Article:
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Telehealth flexibility under COVID-19 paves way for Vatica Health's remote risk adjustment

During the pandemic, health plans face a reduced ability to risk-adjust their members and close gaps in care.

Susan Morse, Managing Editor

Risk adjustment is important to health plans as it determines how much they will be paid in the Affordable Care Act market, managed Medicaid and Medicare Advantage plans.

Under the coronavirus pandemic, risk-adjustment calculations have become a cause for concern.

One question is how COVID-19 claims will affect risk calculations. Another is how the disruptions to regular care in 2020 will lower the prospective risk scores used to pay MA plans in 2021.

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As in other areas of care under the new normal, telehealth has provided a way forward.

Vatica Health specializes in risk adjustment, especially for insurers that offer Medicare Advantage plans. When the COVID-19 pandemic shut off in-person visits and reduced traditional care, the company announced a PCP-centric solution for primary care telehealth that boosted proper risk adjustment.

The solution came about as a direct response to COVID-19 and the expanded use of telehealth allowed by the Centers for Medicare and Medicaid Services.


Risk adjustment is a statistical process used by plans that takes into account the underlying health status and spending of plan enrollees when looking at outcomes or costs.

For Medicare Advantage plans, it determines the capitated payments paid by CMS. MA payment premiums are established by both region and a risk score.

Also, physicians in the MA program must document the underlying conditions each patient has in order to determine the level of reimbursement for that patient. Medicare requires that this be done in person or using telehealth that has both an audio and video component.

Before COVID-19, Vatica was paid by health plans to send nurses into doctors' offices to make sure coding for medical treatment was accurate in its documentation in the electronic medical record.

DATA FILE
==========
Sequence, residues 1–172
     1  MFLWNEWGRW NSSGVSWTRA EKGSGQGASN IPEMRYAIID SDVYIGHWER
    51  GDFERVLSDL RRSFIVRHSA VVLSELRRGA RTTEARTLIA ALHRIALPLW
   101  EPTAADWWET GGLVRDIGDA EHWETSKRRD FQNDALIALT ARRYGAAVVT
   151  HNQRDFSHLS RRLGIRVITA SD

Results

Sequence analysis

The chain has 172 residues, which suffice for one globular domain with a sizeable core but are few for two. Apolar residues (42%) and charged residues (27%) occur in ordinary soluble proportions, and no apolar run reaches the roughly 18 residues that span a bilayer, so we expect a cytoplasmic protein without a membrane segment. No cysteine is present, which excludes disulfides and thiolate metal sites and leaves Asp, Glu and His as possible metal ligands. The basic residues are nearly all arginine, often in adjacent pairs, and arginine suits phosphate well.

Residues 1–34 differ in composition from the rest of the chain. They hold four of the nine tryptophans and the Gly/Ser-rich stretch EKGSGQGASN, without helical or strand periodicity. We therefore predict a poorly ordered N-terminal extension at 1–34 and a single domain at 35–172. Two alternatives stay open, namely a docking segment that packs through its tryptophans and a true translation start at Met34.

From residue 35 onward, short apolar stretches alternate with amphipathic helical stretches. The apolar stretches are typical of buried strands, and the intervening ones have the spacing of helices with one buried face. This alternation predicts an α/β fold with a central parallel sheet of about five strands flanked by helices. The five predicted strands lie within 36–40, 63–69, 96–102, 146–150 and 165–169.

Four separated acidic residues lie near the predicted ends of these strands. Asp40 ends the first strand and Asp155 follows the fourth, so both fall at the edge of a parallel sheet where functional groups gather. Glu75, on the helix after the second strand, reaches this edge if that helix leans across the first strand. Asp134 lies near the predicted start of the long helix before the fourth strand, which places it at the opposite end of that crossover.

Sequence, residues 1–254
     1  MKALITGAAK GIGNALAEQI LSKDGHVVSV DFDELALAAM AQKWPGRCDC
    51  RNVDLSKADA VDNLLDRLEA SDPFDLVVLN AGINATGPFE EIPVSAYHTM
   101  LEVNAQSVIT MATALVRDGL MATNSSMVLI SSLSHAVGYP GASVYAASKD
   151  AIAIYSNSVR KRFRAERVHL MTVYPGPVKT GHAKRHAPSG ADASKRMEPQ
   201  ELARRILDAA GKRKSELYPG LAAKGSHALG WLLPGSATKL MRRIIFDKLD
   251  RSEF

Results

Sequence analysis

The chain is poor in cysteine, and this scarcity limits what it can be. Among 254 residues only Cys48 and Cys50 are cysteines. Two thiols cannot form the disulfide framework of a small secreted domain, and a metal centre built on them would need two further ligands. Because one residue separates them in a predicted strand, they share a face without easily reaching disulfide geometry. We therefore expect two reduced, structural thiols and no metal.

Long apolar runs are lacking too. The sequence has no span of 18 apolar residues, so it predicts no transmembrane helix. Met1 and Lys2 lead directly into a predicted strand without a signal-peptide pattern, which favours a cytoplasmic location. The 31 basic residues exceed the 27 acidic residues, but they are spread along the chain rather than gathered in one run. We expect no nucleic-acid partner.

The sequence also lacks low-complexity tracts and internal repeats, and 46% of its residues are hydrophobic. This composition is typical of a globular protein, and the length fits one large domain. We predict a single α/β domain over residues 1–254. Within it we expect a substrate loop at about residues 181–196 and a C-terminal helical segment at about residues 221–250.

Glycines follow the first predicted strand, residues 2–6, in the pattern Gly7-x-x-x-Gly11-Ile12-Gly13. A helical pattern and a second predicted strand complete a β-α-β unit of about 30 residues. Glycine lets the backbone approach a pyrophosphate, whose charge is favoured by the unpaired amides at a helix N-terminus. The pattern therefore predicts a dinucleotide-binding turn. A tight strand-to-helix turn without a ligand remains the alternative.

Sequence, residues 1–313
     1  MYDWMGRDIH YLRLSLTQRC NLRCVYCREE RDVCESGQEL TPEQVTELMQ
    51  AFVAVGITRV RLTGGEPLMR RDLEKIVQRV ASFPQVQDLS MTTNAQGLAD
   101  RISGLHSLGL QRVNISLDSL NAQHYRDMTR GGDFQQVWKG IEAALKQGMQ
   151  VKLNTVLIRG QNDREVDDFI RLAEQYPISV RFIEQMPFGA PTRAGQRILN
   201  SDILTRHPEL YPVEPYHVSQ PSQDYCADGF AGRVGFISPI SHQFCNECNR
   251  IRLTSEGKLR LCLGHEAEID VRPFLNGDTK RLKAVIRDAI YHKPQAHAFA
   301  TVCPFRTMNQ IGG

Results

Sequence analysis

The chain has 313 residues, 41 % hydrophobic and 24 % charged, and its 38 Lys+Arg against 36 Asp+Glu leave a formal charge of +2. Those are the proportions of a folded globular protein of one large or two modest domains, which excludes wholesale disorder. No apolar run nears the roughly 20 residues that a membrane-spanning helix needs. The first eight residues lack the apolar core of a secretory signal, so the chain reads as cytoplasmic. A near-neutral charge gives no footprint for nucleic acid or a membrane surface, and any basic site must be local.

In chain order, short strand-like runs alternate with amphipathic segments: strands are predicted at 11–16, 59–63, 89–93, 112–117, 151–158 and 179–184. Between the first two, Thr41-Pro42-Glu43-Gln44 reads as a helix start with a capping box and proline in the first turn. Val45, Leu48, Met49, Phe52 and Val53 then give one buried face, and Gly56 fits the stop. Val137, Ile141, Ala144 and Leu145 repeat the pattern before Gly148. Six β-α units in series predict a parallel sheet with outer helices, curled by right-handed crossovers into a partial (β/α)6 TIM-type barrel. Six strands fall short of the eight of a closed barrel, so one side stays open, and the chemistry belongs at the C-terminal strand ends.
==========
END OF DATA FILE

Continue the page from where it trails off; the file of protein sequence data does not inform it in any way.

When the pandemic shut off access, health plans faced a reduced ability to risk adjust their membership.

Vatica contacted its 700 primary care providers to do risk adjustment remotely, according to CEO Dr. Hassan Rifaat. Already 81% or providers were ready for telehealth. The company established remote access to EMRs, and also helped providers that weren't ready for telehealth to set up both audio and video access with patients.

Vatica nurses are not part of the live telehealth encounter. After the provider has documented the encounter, that information goes into the EMR and it is accessed remotely by company clinicians.

"The reason risk adjustment is so important, it's critical the health plan receive the proper premium in the membership they serve." Rifaat said.

Traditionally, risk adjustment is done through a retrospective chart review long after the encounter.


When CMS allowed for more than 80 services to be conducted by telehealth, it also made temporary changes to pay for the virtual visits at the same rate as in-person visits while the coronavirus emergency remained in effect.

Long-term, with a soft reopening of medical practices, telehealth remains in place, along with in-person visits, and it has a place long-term, Rifaat said.


"At a time when keeping beneficiaries healthy is critical and every dollar of premium is more important than ever, it's essential that health plans have risk adjustment and quality of care partners that enable providers to engage and manage the most vulnerable members with chronic conditions across all lines of business," said Dr. Hassan Rifaat, CEO of Vatica Health.

Twitter: @SusanJMorse
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